Based on that same group of home loans before, Savings.com.au found that just under 73% of home loans actually don’t charge any annualised ongoing fees at all. So just over a quarter of them do charge such a fee, and the average across the market sits at around $35. The highest meanwhile could set you back as much as $400 per year, which is almost that average fee in any given month!

So these ongoing fees can actually cost more than an upfront fee as they’re continuously charged, but you might not know it as they appear smaller at a glance. If those figures seem too high to you, then take a look at some home loans below for investors and owner-occupiers that don’t charge any ongoing monthly or annual fees.

How much of a difference can these fees make?

These fees can make a noticeable difference to how much you repay on your home loan overall, as they can really add up over time. Let’s compare two home loans, both of which have:

  • A 3.00% p.a. interest rate
  • A 30-year term
  • A $400,000 loan amount
  • Monthly principal and interest repayments

But one of these loans has a $200 upfront fee and an annual fee of $150. The other loan charges no fee. Now these loans would have a total cost of $607,709 if both had no fees, but that second loan costs a bit extra. About $4,000 extra in fact, with those charges bringing it to a total cost of $611,808.80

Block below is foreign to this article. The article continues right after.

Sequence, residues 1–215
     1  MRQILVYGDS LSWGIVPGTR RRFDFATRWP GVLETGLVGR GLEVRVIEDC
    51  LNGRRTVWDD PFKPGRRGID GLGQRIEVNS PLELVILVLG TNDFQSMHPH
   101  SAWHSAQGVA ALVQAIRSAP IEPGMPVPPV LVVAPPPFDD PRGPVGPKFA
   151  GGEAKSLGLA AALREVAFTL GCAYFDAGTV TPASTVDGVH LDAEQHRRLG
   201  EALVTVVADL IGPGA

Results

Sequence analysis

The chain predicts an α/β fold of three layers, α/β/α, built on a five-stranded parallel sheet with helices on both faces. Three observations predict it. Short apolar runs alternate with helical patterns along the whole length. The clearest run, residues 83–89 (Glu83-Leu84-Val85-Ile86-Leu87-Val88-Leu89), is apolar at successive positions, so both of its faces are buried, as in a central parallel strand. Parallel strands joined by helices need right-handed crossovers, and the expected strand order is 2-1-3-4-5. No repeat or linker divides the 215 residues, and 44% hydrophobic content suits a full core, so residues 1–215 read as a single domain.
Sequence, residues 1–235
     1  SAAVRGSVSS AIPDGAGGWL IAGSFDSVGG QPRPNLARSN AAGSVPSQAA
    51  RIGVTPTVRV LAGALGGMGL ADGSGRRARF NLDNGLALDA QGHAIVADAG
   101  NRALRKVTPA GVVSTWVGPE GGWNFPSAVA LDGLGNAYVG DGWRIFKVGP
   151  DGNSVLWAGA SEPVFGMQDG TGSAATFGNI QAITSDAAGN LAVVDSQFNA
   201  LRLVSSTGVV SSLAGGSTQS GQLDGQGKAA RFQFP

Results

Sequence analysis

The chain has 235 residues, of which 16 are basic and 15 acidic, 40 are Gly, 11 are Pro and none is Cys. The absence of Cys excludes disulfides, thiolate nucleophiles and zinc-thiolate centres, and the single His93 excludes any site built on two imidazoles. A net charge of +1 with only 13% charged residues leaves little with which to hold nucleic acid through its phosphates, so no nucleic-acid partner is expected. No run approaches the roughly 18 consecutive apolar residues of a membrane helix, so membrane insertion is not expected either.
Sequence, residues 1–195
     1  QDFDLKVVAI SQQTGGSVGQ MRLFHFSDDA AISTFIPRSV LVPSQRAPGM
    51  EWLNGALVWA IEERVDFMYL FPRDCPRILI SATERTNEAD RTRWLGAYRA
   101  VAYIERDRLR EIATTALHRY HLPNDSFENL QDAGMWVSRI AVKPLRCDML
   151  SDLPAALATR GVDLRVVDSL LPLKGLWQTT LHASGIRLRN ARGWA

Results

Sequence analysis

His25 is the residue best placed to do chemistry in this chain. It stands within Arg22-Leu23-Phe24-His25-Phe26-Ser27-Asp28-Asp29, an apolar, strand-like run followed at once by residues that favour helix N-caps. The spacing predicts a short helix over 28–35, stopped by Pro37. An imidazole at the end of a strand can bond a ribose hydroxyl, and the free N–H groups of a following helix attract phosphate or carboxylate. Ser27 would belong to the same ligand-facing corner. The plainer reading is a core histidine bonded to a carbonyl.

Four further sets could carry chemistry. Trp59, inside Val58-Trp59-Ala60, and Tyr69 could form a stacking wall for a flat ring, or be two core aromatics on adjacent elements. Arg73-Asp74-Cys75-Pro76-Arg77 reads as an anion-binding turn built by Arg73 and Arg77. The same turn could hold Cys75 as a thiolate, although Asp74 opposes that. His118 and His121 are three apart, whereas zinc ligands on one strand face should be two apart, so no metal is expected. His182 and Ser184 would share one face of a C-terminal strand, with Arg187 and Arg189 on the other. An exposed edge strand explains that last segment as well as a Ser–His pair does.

So by picking the loan with no upfront or ongoing fees, you’ve saved about $4,000 off your mortgage costs in this example. Pretty good, right?

Should you get a home loan with no upfront or ongoing fees?

What you really need to consider on a home loan is how much the interest rate will save you, as well as any useful features like an offset account that can be helpful for saving lots of money. While $4,000 in savings sounds quite good, that’s small-fry compared to the savings you can make by getting a lower interest rate:

Loan amount

2.50% interest rate monthly repayments

3.50% interest rate monthly repayments

Monthly savings at 2.50%

Total savings at 2.50%

$300,000

$1,185.36

$1,347.13

$161.77

$58,238.52

$400,000

$1,580.48

$1,796.18

$215.7

$77,649.22

$500,000

$1,975.60

$2,245.22

$269.62

$97,062.85

Calculations made via Savings.com.au's Home Loan Comparison Calculator, based on a 30-year mortgage with variable, P&I repayments.

An interest rate difference of 1.00% p.a could lead to tens of thousands of dollars in savings. That’s much more than the few thousand you’ll save by avoiding fees, and that’s what will really make the difference. Although as we’ll explain below, saving a few thousand in fees isn’t worth scoffing at either.

To work out what you can save with different interest rates and fees, use Savings.com.au’s mortgage comparison calculator.

Other home loan costs to be aware of

Savings.com.au has an extensive breakdown of each of the common and not-so-common mortgage fees and charges, while you can also consult the following articles for more information on the big costs to factor in when buying property:

Savings.com.au’s two cents

While it is the interest rate that’ll make the biggest difference (besides maybe how much you borrow), that doesn’t mean you shouldn’t also try to get a home loan with low or no fees. Ideally, you should look for one that has a combination of: